Angiogenic potential of perivascularly delivered aFGF in a porcine model of chronic myocardial ischemia.
A number of heparin-binding growth factors, including basic (bFGF) and acidic (aFGF) fibroblast growth factors have been shown to promote angiogenesis in vivo. In this study, we employed a sustained-release polymer extravascular delivery system to evaluate the angiogenic efficacy of a novel form of genetically modified aFGF in the setting of chronic myocardial ischemia. Fifteen Yorkshire pigs subjected to Ameroid occluder placement on the left circumflex (LCX) artery were treated with perivascularly administered aFGF in ethylene vinyl acetate (EVAc) polymer (10 micrograms, n = 7) or EVAc alone (controls, n = 8). Seven to nine weeks later, after coronary angiography to document Ameroid-induced coronary occlusion, all animals underwent studies of coronary flow and global and regional left ventricular function. Microsphere-determined coronary flow in the Ameroid-compromised territory was significantly increased in aFGF-treated compared with control animals, and this improvement in perfusion was maintained during ventricular pacing. Left ventricular function studies demonstrated improved global and regional function in aFGF-treated animals. We conclude that local perivascular delivery of genetically modified aFGF results in significant improvement in myocardial flow and regional and global left ventricular function.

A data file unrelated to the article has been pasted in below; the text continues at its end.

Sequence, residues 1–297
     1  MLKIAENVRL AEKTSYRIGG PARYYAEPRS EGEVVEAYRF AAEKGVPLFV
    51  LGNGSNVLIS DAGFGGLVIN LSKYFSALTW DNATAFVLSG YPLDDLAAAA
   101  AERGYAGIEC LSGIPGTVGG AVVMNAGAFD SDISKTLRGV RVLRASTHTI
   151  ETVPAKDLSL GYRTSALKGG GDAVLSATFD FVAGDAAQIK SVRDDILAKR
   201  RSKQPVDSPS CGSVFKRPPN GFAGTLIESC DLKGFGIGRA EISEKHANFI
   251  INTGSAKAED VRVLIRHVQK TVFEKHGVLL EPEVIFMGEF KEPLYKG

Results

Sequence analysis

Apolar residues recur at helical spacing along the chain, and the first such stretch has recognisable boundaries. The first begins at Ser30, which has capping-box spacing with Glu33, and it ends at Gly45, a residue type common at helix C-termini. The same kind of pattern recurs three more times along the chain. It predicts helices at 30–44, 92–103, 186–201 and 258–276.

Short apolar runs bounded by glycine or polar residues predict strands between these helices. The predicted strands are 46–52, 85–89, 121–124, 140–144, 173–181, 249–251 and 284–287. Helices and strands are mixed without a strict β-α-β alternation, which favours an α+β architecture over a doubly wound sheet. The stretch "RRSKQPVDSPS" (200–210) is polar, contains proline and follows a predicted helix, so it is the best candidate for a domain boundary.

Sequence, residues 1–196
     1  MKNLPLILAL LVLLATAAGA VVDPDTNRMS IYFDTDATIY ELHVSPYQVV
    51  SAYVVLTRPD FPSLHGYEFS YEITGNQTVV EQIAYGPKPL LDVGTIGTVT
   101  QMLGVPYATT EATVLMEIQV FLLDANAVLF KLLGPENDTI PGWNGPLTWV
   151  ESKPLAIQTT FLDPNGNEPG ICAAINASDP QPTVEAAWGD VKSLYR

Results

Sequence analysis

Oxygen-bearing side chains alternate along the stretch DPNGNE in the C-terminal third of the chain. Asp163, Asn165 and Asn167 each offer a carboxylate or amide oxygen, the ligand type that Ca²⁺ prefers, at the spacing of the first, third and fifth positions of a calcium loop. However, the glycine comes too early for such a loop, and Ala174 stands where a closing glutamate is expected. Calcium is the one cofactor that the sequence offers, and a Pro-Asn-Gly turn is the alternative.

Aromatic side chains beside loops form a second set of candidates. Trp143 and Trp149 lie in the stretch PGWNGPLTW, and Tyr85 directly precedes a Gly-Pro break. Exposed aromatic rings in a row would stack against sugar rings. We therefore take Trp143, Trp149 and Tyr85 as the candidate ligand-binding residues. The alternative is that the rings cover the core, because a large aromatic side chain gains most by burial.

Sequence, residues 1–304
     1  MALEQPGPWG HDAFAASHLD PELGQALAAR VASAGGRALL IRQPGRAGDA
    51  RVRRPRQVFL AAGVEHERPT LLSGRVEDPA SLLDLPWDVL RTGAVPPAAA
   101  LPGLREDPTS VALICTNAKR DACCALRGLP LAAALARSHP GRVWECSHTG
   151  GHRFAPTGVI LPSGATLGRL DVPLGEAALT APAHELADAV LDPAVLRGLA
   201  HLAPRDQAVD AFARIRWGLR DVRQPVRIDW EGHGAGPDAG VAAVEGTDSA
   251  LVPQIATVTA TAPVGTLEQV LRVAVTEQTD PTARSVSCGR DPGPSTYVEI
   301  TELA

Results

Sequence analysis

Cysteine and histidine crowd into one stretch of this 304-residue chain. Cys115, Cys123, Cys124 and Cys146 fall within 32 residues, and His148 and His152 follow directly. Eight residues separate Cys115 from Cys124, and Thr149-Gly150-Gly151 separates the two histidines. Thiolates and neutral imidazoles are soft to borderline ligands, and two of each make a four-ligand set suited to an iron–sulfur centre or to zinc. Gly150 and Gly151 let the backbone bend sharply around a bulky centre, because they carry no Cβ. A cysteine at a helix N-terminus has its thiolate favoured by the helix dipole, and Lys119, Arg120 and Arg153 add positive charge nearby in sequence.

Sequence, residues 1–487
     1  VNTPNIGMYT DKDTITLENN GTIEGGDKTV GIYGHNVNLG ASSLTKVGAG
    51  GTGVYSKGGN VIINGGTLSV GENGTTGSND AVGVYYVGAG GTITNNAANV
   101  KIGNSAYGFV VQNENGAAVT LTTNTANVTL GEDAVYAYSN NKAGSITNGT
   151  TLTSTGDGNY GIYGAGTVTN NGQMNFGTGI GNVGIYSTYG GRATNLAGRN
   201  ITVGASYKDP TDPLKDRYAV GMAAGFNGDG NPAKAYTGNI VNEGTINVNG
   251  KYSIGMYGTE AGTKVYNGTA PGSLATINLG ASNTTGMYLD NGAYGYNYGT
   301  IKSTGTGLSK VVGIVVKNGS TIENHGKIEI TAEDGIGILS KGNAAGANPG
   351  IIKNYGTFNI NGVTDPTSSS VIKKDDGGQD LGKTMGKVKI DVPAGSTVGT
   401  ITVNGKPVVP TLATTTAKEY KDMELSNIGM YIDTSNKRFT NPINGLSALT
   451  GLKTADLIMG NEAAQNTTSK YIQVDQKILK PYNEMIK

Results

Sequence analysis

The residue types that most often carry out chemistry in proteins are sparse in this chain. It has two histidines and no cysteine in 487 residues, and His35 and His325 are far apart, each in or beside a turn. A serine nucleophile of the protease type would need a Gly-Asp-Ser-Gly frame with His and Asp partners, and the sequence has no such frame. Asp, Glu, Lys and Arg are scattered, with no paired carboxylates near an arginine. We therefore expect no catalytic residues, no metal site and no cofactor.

Lopez, JJ; Edelman, ER; Stamler, A; Hibberd, MG; Prasad, P; Thomas, KA; DiSalvo, J; Caputo, RP; Carrozza, JP; Douglas, PS; Sellke, FW; Simons, M
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